Hows the C02 in your tyres?

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Hows the C02 in your tyres?

Postby theape » Wed Jun 01, 2016 8:25 pm

I learnt recently that if a refill of your tyres is undertaken with CO2 cylinder(s) usually when a puncture has occurred, the tyre needs to be deflated and filled with air at a convenient time. That CO2 will eat your tyres up, I have heard its bad stuff.

Please don't go spreading C02 over the planet all at once, I want my 21% oxygen in air to remain constant.
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Re: Hows the C02 in your tyres?

Postby Bozo » Wed Jun 01, 2016 10:52 pm

Alex

If you ride a lot it I reckon it will make no difference what gas you have in your tyre.

I believe there is very little between having air, nitrogen or carbon dioxide in your tyres. Marginal temperature impacts would only be noticed on race bikes.

The worst component of compressed air is water vapour because, in conjunction with oxygen, it will promote corrosion particularly on rims with tubeless tyres. At least with CO2 canisters you avoid water vapour. Using a hand pump on a day with high humidity puts water vapour into your tyres.

Solution .... wear your tyres out before they perish.

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Re: Hows the C02 in your tyres?

Postby theape » Thu Jun 02, 2016 6:11 am

Ah well said Bozo.
A couple more things to throw in the mix.
If you don't ride much the CO2 will leak out (its to do with the CO2 molecule size compared to an air molecule size) and when you pump the tyre up to correct pressure the problem is partially solved.
Its good we all keep our tyres pumped up.
Cheers
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Re: Hows the C02 in your tyres?

Postby Snaga » Thu Jun 02, 2016 6:44 am

Sounds like a lot of Hot air to me :lol: :lol: :lol: :lol:
"Knowledge is knowing a tomato is a fruit. Wisdom is not putting it in a fruit salad"
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Re: Hows the C02 in your tyres?

Postby Bozo » Thu Jun 02, 2016 6:27 pm

Snaga

It is all very scientific and has to do with molecule shapes.

The Carbon Dioxide molecule is shaped like a straight sausage and when your tyre gets up to barbecue temperature it goes into the atmosphere. They call it a needle shape O = C = O.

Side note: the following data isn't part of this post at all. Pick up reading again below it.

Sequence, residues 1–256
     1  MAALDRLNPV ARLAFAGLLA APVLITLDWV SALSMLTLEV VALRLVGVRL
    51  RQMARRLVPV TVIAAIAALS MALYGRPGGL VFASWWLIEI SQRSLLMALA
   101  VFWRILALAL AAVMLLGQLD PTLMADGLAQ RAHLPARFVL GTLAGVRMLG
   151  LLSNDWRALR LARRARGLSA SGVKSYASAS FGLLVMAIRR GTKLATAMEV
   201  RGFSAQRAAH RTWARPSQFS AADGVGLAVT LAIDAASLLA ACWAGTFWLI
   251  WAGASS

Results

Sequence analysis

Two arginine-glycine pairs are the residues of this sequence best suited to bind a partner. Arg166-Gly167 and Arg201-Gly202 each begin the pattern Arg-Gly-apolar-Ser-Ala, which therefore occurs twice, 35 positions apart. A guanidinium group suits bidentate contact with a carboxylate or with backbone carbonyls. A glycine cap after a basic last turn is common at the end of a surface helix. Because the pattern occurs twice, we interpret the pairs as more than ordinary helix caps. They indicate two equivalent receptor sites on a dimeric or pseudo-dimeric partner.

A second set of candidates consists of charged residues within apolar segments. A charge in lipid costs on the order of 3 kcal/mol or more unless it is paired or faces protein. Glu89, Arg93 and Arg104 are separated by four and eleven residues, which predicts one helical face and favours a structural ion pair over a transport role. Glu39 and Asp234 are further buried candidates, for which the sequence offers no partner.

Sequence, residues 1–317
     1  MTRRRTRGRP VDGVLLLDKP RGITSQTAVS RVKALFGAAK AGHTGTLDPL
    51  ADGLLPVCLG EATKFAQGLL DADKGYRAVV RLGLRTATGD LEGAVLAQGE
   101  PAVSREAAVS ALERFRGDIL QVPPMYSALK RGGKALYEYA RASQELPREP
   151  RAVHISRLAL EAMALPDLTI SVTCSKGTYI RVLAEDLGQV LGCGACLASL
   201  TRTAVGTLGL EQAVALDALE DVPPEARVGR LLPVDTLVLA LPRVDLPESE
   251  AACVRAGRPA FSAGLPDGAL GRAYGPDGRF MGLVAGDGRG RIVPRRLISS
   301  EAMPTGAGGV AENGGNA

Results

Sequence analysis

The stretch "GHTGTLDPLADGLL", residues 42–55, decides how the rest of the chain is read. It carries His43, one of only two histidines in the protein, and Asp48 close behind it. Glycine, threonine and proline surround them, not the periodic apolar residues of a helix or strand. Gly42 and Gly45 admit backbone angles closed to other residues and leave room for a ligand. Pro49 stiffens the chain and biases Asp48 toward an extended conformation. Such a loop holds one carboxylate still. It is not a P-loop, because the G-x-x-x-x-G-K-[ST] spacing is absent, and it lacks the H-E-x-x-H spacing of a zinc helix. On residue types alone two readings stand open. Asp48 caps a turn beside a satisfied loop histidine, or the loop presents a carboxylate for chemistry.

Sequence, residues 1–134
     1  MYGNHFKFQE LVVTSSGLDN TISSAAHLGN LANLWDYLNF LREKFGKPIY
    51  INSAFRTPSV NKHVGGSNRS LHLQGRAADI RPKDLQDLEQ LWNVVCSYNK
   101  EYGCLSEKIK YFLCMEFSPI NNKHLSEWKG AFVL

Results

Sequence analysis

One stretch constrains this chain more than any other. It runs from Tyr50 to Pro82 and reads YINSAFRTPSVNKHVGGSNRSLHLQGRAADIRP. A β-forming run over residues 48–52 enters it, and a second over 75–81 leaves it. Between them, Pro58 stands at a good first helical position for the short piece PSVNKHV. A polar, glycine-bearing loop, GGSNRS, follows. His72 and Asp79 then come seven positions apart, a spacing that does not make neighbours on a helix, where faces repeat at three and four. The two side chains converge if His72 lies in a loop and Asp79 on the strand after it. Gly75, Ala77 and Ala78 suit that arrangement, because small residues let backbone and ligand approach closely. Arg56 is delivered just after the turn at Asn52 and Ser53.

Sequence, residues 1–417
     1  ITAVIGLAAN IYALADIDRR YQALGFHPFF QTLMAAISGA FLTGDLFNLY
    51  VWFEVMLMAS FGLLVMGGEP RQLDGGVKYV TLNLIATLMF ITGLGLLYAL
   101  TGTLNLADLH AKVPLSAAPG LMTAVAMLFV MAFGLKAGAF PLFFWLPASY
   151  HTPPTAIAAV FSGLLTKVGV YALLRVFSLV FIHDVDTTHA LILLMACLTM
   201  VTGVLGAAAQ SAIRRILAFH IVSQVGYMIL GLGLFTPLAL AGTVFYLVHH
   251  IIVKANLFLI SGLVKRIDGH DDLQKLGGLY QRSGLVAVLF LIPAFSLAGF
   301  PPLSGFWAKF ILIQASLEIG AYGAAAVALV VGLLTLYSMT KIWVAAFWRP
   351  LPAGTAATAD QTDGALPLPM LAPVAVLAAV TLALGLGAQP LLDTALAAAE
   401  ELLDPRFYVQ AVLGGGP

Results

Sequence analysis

Nitrogen is three times slower than oxygen at leaking through rubber but the leakage rates are very slow.

But all of this is irrelevant if you regularly check your tyre pressures and pump your tyres up.

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Re: Hows the C02 in your tyres?

Postby Tyreanser » Mon Jul 11, 2016 9:57 am

Guys,
CO2 maybe a short term fix, best thing for halo butyl rubber (liner & tube) is clean dry air, yes, nitrogen will assist in reducing long term degradation of rubber but we're talking years of operations, M/C tyres don't normally last that long.

As for CO2, yes it will eat rubber, not in the immediate term but in the short term.

Molecule sizes, does anyone know anything about rubber? Only the halo butyl rubber has a tight enough lattice to be impermeable to air. All other rubbers will permit the migration of air molecules through the rubber structure. Why doesn't air migrate back into rubber is a question often missed, yes it does, just try & measure it.

Many studies done in lab conditions, unrealistic.

Clean (filtered oil & particulate free) dry (dried & filtered) is the key to good pressure retention and stable pressure control. Dry? Yes water expands 1603 times from liquid to gas, so as your tyres get hot (m/c tyres don't usually get overly hot unless they're under inflated) the water changes state and drives inflation pressure through the roof.

I've had haulage fleets with 135 psi cold going to 190 + with "shop air", when they changed to clean & dry air the pressures returned to the expected level about 160 psi.

The major tyre companies that supply aviation tyres (most of which are retreaded up to 4 times) have good resources on inflation pressures, ambient temperatures and elevation above sea level.

Now before anyone asks, tyres are like partners, what ever works best for you is the appropriate choice.

Look after your tyres and they'll look after you, ignore them at your own peril.
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Re: Hows the C02 in your tyres?

Postby Chriscoote » Thu Aug 25, 2016 7:20 am

I can verify that if you use CO2 to fill your tyre then you need to deflate it later, refill it a couple times to get rid of the co2.

It will go flat over time as the co2 will leak out due to its nature. Both tubes and tubeless alike will have gas escape. It's better if you just deflate it later and then you won't have that issue again.
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Re: Hows the C02 in your tyres?

Postby wightman » Thu Aug 25, 2016 4:11 pm

The interesting thing about C02, is its average concentration in the atmosphere has increased from about 0.04% to almost 0.06% in the last century. However, with every breath we exhale, it contains a whopping 4% C02 and only 16% 02, so I think we are the single largest contributor to the so called perceived "rise in C02 levels". I wonder why those little canisters are not filed with nitrogen? Something for air Liquide to look at?
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Re: Hows the C02 in your tyres?

Postby Bozo » Thu Aug 25, 2016 6:26 pm

John

CO2 gas bulbs were produced for soda syphons and the use on motorcycles is incidental. It has a higher compressibility than nitrogen so you get more bang for your buck.

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